Has the Clash of Civilizations Thesis Influenced America’s War on Terror?

Gregorio Bettiza
University of Exeter

Cross-posted from the Religion and IR Blog

Samuel Huntington’s theory that post-Cold War world politics would be defined by the “clash of civilizations” has generated much debate in scholarly and policy circles since it first appeared on the pages of Foreign Affairs in 1993. One of the main controversies has revolved around the extent to which Huntington’s (in)famous thesis would come to shape America’s foreign policy and its War on Terror since the attacks of September 11, 2001 (9/11).

Some like Paul Avey and Michael Desch have suggested in a 2014 International Studies Quarterly article that Huntington’s ideas have had scarce purchase among US national security policymakers and, by implication, little impact on American foreign policy. Through the use of surveys, Avey and Desch found that across a range of theories which policymakers where most familiar with, Huntington’s clash of civilizations was the one they exhibited the greatest skepticism towards and influenced their work the least. (Other theories policymakers were surveyed on included: democratic peace theory, mutual assured destruction, population centric COIN, structural realism, expected utility.)

Others, especially critical scholars often drawing on Edward Said’s concept of orientalism, have tended to reach dramatically different conclusions. Within this scholarship the clash of civilizations is generally understood as a shared discourse that percolates across all levels of American society, from Hollywood productions to the corridors of power in Washington DC, consistently categorizing Islam and Muslims as the new post-Cold War ‘other’. The War on Terror is then understood as an enactment of these discourses on the world political stage. Continue reading “Has the Clash of Civilizations Thesis Influenced America’s War on Terror?”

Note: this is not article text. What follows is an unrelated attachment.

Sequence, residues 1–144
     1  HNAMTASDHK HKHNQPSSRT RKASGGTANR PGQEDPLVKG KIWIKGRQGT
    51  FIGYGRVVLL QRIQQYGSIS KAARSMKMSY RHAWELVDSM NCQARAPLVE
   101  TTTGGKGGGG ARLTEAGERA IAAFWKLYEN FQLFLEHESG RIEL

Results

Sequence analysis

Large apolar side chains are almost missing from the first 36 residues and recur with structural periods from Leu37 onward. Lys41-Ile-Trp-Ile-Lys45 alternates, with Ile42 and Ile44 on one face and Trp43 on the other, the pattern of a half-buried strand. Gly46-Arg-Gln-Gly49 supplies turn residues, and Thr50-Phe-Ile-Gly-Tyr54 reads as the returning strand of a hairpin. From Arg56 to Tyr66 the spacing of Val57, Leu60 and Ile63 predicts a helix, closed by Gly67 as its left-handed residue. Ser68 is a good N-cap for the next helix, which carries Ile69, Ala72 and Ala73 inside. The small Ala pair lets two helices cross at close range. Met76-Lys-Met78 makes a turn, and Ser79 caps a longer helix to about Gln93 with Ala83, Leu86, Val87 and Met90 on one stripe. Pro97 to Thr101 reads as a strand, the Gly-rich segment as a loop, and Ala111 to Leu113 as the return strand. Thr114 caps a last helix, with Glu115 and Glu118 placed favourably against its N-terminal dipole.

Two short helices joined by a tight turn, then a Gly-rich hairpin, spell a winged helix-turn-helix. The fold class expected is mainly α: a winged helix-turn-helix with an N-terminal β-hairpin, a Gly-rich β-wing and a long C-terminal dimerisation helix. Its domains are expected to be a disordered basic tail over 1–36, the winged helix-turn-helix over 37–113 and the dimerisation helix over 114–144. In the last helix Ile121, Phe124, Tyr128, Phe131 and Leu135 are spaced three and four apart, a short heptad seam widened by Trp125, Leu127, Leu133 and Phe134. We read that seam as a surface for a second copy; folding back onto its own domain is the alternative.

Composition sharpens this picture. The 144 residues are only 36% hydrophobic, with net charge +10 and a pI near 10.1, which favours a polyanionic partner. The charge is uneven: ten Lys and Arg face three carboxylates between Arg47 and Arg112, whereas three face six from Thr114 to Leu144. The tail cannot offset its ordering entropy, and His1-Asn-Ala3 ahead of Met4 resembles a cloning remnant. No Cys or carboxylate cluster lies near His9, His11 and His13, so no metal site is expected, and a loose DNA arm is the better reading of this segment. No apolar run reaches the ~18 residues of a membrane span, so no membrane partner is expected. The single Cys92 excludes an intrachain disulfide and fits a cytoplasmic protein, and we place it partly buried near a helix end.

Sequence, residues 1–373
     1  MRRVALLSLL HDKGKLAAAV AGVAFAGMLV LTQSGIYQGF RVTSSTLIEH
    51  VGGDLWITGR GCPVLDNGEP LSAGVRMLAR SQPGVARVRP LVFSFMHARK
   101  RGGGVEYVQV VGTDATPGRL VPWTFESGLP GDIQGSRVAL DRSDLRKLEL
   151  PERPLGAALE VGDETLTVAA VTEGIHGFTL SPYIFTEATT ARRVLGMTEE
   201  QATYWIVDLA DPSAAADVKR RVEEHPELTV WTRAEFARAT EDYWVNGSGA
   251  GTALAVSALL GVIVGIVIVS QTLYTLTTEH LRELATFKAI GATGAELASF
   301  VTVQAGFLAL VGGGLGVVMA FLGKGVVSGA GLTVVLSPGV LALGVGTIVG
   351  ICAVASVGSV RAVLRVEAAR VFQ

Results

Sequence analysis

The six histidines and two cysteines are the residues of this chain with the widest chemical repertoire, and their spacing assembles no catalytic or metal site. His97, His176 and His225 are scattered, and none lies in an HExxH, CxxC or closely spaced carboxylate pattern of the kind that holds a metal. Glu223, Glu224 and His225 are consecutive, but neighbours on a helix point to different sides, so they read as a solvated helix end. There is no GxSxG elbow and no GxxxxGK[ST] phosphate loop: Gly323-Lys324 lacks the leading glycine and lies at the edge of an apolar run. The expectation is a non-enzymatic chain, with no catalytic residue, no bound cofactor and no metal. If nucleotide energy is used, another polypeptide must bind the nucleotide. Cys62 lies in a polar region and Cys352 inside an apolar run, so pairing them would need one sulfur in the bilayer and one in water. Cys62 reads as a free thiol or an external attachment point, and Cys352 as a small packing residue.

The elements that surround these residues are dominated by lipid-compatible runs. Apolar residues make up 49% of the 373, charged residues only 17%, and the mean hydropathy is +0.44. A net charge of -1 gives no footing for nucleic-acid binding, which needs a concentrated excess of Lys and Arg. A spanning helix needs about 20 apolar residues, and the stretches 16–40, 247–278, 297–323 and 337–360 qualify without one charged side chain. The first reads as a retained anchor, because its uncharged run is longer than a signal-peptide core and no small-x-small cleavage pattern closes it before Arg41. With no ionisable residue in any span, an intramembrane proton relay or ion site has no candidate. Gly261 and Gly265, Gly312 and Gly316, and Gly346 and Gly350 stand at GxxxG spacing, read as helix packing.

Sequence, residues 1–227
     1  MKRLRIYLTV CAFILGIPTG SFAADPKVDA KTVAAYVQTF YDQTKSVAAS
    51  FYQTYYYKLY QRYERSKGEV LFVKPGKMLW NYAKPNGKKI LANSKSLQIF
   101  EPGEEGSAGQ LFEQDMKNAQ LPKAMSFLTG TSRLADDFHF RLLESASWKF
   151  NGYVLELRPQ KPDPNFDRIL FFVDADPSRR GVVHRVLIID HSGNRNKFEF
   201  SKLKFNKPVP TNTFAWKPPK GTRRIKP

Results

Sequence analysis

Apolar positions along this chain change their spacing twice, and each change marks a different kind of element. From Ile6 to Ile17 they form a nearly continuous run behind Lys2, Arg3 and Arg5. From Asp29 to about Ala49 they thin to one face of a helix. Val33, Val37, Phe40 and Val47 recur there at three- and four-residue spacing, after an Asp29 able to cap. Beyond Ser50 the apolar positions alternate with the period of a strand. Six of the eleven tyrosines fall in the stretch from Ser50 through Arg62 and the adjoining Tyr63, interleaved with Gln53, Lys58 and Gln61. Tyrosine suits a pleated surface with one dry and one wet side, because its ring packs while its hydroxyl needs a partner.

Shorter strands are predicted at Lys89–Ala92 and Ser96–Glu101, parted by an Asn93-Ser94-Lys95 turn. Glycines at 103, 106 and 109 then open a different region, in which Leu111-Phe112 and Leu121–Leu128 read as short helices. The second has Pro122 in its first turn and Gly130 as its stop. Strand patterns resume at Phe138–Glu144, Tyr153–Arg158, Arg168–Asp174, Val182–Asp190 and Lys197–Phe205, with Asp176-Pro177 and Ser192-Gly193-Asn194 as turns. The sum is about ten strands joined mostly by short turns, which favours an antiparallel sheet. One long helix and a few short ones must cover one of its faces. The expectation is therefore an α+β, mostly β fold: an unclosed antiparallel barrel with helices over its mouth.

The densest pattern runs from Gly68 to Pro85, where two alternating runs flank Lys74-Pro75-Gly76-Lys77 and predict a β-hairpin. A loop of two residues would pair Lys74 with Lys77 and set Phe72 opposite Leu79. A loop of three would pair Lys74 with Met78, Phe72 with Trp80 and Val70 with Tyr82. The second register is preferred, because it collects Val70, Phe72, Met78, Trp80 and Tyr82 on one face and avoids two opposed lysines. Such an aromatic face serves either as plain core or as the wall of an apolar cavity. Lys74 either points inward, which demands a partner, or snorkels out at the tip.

This Week’s Top Picks in Imperial & Global History

A potester demonstrating against the continued conflict in Yemen. Parliament Square, London,  July 5, 2020. JUSTIN TALLIS/AFP via Getty Images

Marc-William Palen
History Department, University of Exeter

From how the Soviets recruited Nazi war criminals to spy on the West to misremembering the British Empire, here are this week’s top picks in imperial and global history. Continue reading “This Week’s Top Picks in Imperial & Global History”

Postdoctoral Research Fellow – 19 Nov. Deadline

Job reference: R73691

Date posted: 22/10/2020

Application closing date: 19/11/2020

Location: Cornwall

Salary: The starting salary will be from £35,845 up to £40,322 on Grade F, depending on qualifications and experience.